As soon as I got home from my primary school – if the weather was OK – I would meet up with my friend Norman to go train spotting at the railway line, which was about a mile away. I was very proud of my Ian Allen Trainspotters booklet, with so many venerable steam locomotives ticked as having been spotted on our daily outings to the railway line. In those days many of the steam engines had romantic names (or so they seemed to us) like ‘City of Truro’, ‘Blandford Forum’ and ‘Pendennis Castle’. I’ve never forgiven British Railways, as it was then, for replacing steam with boring diesel-electric trains on ‘my’ train line … or Norman for ‘borrowing’ and never returning my Ian Allen book!
However, trains have always held a fascination for me, hence my enjoyment of a couple of significant train journeys over the last 25 years or so. The first was a journey to a conference near Lyon in the late 1990s. The aging GWR (Great Western Railways) HS 125 got us the 200 miles to London in around 3 hours … average speed around 60mph.Compare this withRailways: the Eurostar train which trundled along to the Channel Tunnel, sped up through it, then built up to full speed to Lille – 200mph. From there, the TGV (Train à Grande Vitesse – high speed train) covered the 430 miles to Lyon in less time than we had taken to get from Totnes to London … and at half the ticket price. The TGV has been operated on a comprehensive network of lines in France since the 1970s.
The train in Spain
My second memorable train journey was from Málaga to Madrid in the autumn of 2019, a couple of months before the Covid pandemic struck… 330 miles in just over 2 hours, at a very affordable price, in the AVE (Tren de Alta Velocidad – high speed train, operating since 1992). The display screens on this train showed that we were travelling at 200 mph for much of the journey. Both the SNCF (Société Nationale des Chemins de fer Français – French national railway society) and RENFE (Red Nacional de los Ferrocarriles Españoles – Spanish national rail network) are nationalised … just as British Rail used to be … can’t be such a bad idea. I remember when our railways were privatised in 1997 – a commentator prophesied problems:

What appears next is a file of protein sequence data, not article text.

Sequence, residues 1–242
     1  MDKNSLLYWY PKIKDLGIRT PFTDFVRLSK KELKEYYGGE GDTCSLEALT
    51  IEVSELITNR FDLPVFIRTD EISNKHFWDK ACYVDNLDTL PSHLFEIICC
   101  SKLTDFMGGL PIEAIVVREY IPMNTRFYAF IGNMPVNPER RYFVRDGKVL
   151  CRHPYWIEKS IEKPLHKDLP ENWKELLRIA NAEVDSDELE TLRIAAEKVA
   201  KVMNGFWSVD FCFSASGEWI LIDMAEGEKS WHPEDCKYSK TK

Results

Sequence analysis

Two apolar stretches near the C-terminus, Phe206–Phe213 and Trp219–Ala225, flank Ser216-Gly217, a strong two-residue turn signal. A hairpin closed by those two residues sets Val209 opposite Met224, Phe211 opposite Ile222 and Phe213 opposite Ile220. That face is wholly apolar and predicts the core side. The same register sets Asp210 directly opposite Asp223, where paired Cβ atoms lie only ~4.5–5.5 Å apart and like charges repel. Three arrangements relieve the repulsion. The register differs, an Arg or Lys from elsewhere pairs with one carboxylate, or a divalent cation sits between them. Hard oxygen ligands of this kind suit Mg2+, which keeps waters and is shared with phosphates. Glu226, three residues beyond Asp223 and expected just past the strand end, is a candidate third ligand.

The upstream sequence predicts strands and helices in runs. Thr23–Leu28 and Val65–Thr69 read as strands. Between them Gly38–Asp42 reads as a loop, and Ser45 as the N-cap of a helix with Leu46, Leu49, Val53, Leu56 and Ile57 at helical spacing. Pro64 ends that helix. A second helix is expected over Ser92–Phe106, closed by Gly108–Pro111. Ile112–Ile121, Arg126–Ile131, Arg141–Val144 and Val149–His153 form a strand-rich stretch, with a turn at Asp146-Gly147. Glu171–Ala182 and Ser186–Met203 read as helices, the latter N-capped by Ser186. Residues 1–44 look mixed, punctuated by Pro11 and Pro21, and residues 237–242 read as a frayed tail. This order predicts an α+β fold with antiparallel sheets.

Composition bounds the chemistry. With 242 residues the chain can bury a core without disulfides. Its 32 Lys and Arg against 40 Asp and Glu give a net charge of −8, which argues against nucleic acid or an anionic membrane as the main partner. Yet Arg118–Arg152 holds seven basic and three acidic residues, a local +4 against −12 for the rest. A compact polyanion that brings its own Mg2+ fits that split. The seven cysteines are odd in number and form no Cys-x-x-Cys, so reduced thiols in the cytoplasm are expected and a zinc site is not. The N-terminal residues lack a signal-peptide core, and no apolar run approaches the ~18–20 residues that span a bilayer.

“Imagine a South Western local train’s brakes fail as it approaches Newton Abbot station, and it crashes into the back of a GWR train. Each train company would sue the other for damages, Network Rail would sue them both for blocking its track, and other train operators would sue them all for messing up their services. The winners? You’ve guessed it … the legal eagles! … or should it be vultures?”
Being nationalised has never prevented Spanish railways from developing new rail technologies for the future. Few people are aware of the TALGO (Tren articulado ligero Goicoechea-Oriol) a lightweight articulated train – Goicoechea and Oriol were its inventors in the late 1940s. The tilting TALGO pendular trains were introduced in the 1970s; TALGO trains are operated around the world in countries as diverse as Russia, the US, Canada, Argentina, Kazakhstan and Uzbekistan. The AVE design has been sold abroad too, such as ‘el tren del desierto’ (desert train), and the AVE which links Mecca and Medina in Saudi Arabia.
The rain in Spain will come from a hydrogen train …
Now for the latest development in Spanish railway technology: Spain is developing hydrogen-powered trains. In an article earlier this year, El Mundo asks: “¿Será el hidrógeno la próxima revolución del ferrocarril? (Will hydrogen be the next revolution on the railways?). The article introduces the topic with a bit of history: “El tren es sinónimo de revolución. Desde la aparición de la locomotora de vapor en 1803, este medio de transporte ha contribuido al desarrollo económico, conectando de manera sostenible a millones de personas y lugares remotos.” (The train is synonymous with revolution. Since the appearance of the steam locomotive in 1803, this mode of transport has contributed to economic development, linking in a sustainable way millions of people in remote places).